fri 19/08/2022

Bebel Gilberto, Barbican | reviews, news & interviews

Bebel Gilberto, Barbican

Bebel Gilberto, Barbican

Nervy Brazilian chanteuse eventually wins the audience round

A nervy Bebel Gilberto

Bebel Gilberto seemed very tentative when she first appeared onstage; dressed in semi-Goth black, she kept saying how nervous she was. “Calm down, Bebel. It’s only the Barbican,” she muttered and we did get a sense of the terror and exhilaration of performing live to a big crowd. Her shambolic approach is in some ways, though, preferable to some slick operators who have their stage patter timed to the second. There’s a problem with a wire, she goes off-stage.

Then she can’t work the mic stand and tells the stage hand to get her a drink. It’s all a bit of tightrope act, and there’s a sense of jeopardy – one gig last year in New York was by all reports a trainwreck in which they offered refunds.

It takes a few numbers for her to relax and let her voice fly – her four-piece band, with a fifth, a bass player, coming on for the occasional number, are tight which means her hazy, slurred vocals can pleasantly drift over them. She opened with Bob Marley’s “Sun Is Shining” before going retro-bossa on the Luis Bonfa number “Saudade Vem Correndo” recorded by Stan Getz 50 years ago, a reminder that she is Brazilian music royalty – her father is bossa nova pioneer João Gilberto and her mother, the singer Miúcha. She says, "He taught me to be a perfectionist. But my mother taught me how to lose it. And you can hear it in my music today, I think.” As she spends most of her time in New York, it wouldn’t surprise if there is some shrinkage about having to live up to both parents and balancing the two elements of discipline and wildness.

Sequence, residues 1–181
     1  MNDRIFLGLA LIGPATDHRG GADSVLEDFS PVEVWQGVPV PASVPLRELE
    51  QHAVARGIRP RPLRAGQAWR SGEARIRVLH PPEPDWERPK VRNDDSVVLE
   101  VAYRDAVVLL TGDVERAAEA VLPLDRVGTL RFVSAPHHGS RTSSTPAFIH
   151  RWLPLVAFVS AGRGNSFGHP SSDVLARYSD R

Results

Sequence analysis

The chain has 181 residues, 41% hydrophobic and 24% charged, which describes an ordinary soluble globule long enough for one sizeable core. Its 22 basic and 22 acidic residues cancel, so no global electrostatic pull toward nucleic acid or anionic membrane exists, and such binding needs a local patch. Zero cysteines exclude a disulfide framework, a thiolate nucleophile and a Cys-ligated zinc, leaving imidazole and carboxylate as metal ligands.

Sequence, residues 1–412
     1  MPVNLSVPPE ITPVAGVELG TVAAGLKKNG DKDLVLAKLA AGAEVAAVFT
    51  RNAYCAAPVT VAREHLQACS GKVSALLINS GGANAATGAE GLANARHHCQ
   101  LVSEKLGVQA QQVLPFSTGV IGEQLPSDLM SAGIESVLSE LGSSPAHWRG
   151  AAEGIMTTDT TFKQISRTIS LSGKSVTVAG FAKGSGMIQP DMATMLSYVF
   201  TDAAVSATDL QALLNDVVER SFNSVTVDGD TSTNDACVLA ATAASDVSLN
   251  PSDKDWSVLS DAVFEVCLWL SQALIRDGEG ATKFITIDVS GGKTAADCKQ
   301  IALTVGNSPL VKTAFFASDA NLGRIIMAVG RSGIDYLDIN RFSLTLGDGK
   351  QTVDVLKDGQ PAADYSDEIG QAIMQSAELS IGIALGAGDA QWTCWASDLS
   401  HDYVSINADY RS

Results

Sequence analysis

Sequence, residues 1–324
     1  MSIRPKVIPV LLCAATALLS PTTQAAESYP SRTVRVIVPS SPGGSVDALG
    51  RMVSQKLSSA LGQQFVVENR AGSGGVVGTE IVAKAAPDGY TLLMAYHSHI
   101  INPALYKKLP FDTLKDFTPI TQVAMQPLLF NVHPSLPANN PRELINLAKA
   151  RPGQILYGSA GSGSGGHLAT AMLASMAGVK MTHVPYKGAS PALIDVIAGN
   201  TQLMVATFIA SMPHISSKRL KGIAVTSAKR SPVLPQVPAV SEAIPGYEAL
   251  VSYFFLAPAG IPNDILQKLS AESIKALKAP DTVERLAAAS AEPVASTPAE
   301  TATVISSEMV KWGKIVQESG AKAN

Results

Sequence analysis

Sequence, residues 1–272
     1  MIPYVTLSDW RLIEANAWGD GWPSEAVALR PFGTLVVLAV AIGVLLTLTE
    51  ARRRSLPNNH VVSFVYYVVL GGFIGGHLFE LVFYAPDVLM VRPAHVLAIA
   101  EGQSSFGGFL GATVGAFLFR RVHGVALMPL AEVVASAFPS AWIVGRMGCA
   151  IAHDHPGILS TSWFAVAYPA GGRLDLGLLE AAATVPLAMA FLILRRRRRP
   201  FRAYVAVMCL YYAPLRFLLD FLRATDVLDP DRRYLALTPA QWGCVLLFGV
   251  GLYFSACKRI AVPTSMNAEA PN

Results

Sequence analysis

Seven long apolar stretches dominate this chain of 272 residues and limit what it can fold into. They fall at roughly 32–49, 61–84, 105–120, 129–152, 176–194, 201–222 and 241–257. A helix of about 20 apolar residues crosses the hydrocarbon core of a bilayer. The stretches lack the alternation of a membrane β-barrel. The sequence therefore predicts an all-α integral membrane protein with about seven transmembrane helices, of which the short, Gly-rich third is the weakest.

By mid-show, she shows that she really can sing, the highlight being a romantic and slinky version of Neil Young’s “Harvest Moon” from her latest album Tudo. She did a few numbers from that as well as a handful from her first breakthrough album Tanto Tiempo from 2000. That was where most of us discovered her, and it was bossa mixed with modern electronica, the music being shaped by the brilliant, late producer Suba. Judging from her performance, her taste is actually a little more M.O.R. than that edgy production. The show ended with a hit from that album “Samba Da Bencao”. She got a warm response from a packed Barbican, but if only she could relax and enjoy the show, both she and the audience would have a much better time of it. Easier said, it seems, than done.

Peter Culshaw on Twitter

It wouldn’t surprise if there is some shrinkage about having to live up to both parents and balancing the two elements of discipline and wildness


Editor Rating: 
Average: 3 (1 vote)

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